Photoshop® Power Tips and Tricks

Lesson 8 of 14

Stack Modes: Remove People

 

Photoshop® Power Tips and Tricks

Lesson 8 of 14

Stack Modes: Remove People

 

Lesson Info

Stack Modes: Remove People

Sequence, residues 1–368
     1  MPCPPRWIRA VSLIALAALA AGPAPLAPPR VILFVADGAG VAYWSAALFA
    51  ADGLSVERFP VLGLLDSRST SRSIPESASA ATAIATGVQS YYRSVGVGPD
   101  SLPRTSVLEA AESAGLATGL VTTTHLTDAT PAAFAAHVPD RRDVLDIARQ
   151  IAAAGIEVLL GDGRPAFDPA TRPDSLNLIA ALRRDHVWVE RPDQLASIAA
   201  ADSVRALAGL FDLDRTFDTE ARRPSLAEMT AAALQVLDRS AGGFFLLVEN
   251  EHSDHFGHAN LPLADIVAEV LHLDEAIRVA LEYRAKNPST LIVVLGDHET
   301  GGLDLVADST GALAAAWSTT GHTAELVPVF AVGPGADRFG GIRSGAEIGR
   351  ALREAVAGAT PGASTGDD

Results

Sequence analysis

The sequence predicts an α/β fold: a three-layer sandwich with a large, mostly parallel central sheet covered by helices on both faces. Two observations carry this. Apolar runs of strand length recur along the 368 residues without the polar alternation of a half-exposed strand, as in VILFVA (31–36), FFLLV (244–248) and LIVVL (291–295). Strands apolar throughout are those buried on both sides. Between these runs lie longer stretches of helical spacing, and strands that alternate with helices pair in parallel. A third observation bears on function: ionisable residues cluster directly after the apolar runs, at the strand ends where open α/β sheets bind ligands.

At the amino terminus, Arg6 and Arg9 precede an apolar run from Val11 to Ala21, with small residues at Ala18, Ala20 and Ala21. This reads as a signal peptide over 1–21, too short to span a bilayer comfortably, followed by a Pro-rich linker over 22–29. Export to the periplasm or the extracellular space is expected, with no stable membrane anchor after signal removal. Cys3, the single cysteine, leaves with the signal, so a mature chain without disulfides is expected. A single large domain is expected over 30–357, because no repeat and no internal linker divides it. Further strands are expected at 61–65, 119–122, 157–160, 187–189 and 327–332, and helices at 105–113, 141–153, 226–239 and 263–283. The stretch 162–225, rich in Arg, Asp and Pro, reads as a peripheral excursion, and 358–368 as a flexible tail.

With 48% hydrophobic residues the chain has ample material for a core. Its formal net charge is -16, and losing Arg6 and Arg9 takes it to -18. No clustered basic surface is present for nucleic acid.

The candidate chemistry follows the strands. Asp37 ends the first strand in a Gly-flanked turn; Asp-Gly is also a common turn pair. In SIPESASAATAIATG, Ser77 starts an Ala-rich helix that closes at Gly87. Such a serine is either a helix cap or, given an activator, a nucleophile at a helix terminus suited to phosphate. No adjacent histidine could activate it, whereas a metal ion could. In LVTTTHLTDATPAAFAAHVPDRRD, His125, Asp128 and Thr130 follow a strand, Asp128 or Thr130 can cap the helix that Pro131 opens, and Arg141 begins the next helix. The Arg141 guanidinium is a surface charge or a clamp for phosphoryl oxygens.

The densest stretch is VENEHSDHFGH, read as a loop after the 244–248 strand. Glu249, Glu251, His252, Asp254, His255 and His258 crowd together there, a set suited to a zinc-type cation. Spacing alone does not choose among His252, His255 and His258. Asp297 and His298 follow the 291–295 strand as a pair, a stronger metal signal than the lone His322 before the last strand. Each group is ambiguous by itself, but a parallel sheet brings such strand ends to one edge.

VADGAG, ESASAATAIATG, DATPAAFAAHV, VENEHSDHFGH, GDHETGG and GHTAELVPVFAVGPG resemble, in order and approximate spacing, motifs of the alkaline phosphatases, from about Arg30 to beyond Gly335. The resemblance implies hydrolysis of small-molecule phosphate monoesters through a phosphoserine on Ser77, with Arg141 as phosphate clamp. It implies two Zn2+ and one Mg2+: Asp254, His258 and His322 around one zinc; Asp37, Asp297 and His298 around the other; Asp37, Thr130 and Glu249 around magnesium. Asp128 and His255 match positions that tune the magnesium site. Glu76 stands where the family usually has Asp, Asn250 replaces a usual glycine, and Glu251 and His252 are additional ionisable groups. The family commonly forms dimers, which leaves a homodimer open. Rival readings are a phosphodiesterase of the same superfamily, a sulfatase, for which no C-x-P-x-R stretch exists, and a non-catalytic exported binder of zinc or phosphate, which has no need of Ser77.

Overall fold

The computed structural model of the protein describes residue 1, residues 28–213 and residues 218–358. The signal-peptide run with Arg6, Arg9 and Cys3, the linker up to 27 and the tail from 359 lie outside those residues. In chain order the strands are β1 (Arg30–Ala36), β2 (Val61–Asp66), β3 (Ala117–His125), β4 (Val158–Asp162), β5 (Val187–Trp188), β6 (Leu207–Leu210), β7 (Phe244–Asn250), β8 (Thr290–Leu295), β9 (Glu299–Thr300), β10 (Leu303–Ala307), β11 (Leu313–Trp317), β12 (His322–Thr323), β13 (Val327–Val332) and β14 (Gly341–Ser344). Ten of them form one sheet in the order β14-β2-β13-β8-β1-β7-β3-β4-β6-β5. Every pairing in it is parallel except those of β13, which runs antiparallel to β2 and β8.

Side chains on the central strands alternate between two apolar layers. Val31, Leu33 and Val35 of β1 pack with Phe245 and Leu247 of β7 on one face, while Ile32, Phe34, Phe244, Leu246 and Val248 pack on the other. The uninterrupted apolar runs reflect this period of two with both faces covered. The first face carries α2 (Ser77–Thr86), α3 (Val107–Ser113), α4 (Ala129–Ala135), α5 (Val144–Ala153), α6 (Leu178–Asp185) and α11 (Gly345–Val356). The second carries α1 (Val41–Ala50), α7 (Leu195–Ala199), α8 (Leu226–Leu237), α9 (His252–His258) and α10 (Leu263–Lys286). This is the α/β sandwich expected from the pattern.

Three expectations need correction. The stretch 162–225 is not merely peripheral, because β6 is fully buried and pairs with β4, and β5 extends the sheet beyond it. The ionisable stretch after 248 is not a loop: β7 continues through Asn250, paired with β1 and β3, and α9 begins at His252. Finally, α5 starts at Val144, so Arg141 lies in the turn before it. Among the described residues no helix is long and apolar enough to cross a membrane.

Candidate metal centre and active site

When I travel, like most of you, I like to take photos. So, anybody know where that is? Louvre. Louvre, that's right. I used to call it Louvrey when I was less educated. (chuckles) But anyway, this is the Louvre museum. And I was in Paris for just 24 hours, I was actually in London for a event, and somebody said, "You can go to Paris, "just take the train and come right back the next day." I was like, "Perfect, I'll do that." And I did, and it was great, but the point is is that I only had 24 hours, and I wanted to get a photo of the Louvre, and what happens when you go to places like this? Or any place really, there's people in the way, right? So I wanted to have a photo of the Louvre with no people. So I know that Photoshop has this hidden tool that not a lot of people know about, it's called Stack Modes. Anybody know about Stack Modes? One person, two people. Oh three, oh wow, see you guys are a smart class, usually when I ask this nobody knows. The Creative Live crowd is smart.